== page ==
What Are Plantar Warts?
Plantar warts (also known as verrucas) are skin growths that occur on the feet or surrounding areas. They are caused by the human papillomavirus (HPV), that has entered the skin through cracks or other breaks in the skin.
Pain occurs when the callus over the wart thickens or when the area experiences a lot of pressure, such as when it is squeezed between fingers. Neglect or acid-based home remedies may worsen the pain and discomfort due to the build-up of pus.
Should I Seek Treatment For Plantar Warts?
Yes. Since warts are viral in nature, they can spread quickly in the body, and patients with one wart may soon notice multiple lesions present on their feet. However, it is not as easily transmitted through direct contact from person to person since each individual’s immune system responds differently to HPV.
While most warts are harmless, seek prompt treatment if it is causing pain or if you live with children, the elderly, or those who are immune-compromised as they are at the greatest risk of transmission.
How Can I Remove Plantar Warts?
- Cryotherapy – A freezing agent like liquid nitrogen is applied to the wart over multiple sessions. Your podiatrist might numb the area first as this procedure can be painful.
- Wart needling – Wart needling involves the repeated pricking of the wart with a hollow needle. This activates the patient’s immune system to engage and destroy the virus responsible for the wart and encourages organic healing with minimal discomfort and downtime.
As traditional methods for treating plantar warts can cause discomfort, it is recommended to wear a comfortable pair of shoes to the clinic and allow a few hours of rest after treatment.
Frequently Asked Questions
Home remedies such as salicylic acid, apple cider vinegar, or duct tape are sometimes used to treat plantar warts. It is not recommended to use off-the-shelf products for warts unless you have been advised by a podiatrist or doctor beforehand. These products often contain acid-based ingredients that burn the wart and the surrounding skin, which can be particularly risky for those with compromised immune systems. Patients with diabetes may not be able to fight off infections or naturally heal wounds quickly, and those with neuropathy could unknowingly worsen their wounds due to the lack of sensation.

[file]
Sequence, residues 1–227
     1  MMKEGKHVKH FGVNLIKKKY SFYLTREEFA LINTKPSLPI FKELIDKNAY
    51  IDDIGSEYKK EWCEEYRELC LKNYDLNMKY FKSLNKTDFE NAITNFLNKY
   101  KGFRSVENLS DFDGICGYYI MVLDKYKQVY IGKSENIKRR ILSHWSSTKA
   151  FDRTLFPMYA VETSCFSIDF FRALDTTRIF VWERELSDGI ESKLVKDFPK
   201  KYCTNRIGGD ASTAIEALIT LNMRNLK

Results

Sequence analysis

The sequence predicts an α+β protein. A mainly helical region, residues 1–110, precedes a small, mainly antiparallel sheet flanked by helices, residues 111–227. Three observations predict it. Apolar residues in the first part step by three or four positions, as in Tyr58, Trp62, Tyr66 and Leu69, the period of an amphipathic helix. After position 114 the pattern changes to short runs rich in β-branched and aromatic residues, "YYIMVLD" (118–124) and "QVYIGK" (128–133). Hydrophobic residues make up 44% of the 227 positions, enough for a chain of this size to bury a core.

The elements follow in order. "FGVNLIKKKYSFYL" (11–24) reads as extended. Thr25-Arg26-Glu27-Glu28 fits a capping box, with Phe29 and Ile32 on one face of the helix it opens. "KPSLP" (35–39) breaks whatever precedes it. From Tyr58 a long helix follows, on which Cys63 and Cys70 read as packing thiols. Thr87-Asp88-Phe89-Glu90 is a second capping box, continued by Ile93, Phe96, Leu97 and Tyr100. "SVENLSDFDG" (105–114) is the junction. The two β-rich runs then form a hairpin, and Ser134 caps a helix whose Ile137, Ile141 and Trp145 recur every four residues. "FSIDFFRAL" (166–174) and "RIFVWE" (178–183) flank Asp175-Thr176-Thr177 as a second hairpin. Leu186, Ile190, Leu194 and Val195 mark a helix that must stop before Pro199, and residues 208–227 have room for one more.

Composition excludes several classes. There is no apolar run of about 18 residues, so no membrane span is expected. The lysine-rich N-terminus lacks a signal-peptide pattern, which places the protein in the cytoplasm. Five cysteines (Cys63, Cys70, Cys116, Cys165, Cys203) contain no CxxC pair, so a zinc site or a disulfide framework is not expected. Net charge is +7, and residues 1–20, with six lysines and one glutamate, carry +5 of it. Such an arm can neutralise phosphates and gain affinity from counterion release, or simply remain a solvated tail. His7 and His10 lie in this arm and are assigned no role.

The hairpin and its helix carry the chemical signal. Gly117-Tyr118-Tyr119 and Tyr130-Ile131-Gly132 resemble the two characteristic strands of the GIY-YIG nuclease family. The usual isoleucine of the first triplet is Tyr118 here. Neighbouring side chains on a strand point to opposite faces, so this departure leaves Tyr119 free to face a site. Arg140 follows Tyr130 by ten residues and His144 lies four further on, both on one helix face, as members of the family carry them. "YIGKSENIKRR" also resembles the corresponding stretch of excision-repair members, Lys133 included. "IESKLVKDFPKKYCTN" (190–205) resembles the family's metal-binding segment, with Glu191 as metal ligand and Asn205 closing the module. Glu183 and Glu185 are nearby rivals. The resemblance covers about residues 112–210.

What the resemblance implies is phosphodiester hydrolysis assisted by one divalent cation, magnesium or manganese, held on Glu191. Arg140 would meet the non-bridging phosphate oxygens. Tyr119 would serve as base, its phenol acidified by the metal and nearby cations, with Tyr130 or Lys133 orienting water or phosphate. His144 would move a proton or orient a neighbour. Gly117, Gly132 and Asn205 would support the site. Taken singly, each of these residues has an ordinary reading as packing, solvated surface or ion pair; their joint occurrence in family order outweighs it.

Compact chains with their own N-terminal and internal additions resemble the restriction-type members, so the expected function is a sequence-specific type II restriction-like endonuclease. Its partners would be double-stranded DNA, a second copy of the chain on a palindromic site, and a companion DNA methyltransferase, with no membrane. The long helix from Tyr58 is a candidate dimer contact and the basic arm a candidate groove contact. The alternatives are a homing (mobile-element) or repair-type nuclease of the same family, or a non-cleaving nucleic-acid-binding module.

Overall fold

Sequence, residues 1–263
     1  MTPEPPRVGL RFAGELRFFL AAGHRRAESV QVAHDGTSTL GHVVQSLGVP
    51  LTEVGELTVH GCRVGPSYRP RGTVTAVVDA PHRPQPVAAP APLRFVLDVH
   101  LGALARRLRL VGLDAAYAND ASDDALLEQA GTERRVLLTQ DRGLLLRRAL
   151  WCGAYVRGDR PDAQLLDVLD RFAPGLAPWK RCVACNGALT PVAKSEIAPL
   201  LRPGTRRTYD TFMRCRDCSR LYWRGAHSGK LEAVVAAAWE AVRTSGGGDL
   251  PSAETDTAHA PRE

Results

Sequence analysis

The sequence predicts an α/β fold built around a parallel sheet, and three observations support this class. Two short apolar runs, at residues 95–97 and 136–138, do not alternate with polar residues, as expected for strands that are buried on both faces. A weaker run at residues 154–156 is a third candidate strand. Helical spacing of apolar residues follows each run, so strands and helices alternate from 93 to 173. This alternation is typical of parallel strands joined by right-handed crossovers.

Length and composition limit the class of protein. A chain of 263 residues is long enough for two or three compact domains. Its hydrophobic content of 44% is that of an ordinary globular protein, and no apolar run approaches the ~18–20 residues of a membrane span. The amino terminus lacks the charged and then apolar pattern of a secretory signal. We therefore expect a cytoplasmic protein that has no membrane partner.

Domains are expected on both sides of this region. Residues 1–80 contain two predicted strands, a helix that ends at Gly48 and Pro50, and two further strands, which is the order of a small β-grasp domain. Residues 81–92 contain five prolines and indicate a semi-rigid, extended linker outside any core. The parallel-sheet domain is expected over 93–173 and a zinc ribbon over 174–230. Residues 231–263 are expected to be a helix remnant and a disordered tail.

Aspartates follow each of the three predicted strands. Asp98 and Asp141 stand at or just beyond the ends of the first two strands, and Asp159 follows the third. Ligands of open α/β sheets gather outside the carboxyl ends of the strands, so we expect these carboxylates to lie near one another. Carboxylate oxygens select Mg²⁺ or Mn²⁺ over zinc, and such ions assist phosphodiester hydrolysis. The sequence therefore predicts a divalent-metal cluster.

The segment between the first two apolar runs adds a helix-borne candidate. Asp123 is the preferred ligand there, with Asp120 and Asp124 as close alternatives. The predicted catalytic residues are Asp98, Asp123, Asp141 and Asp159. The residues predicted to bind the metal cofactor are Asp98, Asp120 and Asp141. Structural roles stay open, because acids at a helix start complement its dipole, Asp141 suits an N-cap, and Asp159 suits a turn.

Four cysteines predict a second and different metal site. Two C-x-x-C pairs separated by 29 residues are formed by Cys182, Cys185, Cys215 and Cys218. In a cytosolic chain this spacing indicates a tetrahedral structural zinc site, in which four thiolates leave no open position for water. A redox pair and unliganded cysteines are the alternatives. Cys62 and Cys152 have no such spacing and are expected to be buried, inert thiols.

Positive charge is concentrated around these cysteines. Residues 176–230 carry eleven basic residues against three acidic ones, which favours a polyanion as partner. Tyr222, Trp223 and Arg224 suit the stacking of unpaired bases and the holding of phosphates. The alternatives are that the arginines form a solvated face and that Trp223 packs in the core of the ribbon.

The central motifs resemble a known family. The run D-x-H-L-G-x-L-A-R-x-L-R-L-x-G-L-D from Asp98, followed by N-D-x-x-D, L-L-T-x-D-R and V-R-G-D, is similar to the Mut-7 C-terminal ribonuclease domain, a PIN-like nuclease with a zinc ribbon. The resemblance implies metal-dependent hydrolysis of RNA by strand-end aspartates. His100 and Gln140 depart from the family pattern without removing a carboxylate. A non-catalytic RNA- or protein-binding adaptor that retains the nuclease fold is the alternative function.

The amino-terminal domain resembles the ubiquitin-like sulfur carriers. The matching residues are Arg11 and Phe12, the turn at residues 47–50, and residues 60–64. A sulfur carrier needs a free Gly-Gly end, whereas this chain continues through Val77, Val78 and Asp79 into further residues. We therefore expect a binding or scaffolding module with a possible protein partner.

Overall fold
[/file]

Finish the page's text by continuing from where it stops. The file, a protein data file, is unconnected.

Depending on the location, untreated plantar warts can cause pain and may spread to other parts of your skin or even those living in the same household. Over time, they may fuse to form a mosaic wart, which is harder to treat.
In many cases and depending on the individual’s condition and immune system, minor plantar warts can resolve on their own. However, severe or mosaic plantar warts can cause prolonged pain and spread to other parts of the body or other people. To ensure that the proper treatment is administered and future recurrence is minimised, see a podiatrist in your area.
No, they are not. There are over 100 different strains of human papillomavirus, and the ones that cause plantar warts are different from those that are typically responsible for genital warts. However, plantar warts are contagious and can spread to other parts of your body, such as your toes or fingers.
Scratching, cutting, or pulling out a plantar wart may seem inviting. However, amateur surgery may not successfully remove the core of the wart, leading to a high likelihood of recurrence or serious infection.
Human papillomavirus (HPV) thrives in Singapore’s warm and moist environment, and can be found in common places like swimming pools, locker rooms, or even bathrooms at home. Another key way of transmission is through exposure. Children and teens are much more likely to contract warts as opposed to their adult counterparts, and can go on to spread the virus to their family members or close contacts.
Several methods to prevent plantar warts include:
- Changing your shoes and socks regularly
- Avoiding barefoot walking around swimming pools and locker rooms
- Limiting interaction with family members that have warts
- Washing hands thoroughly after touching warts, including your own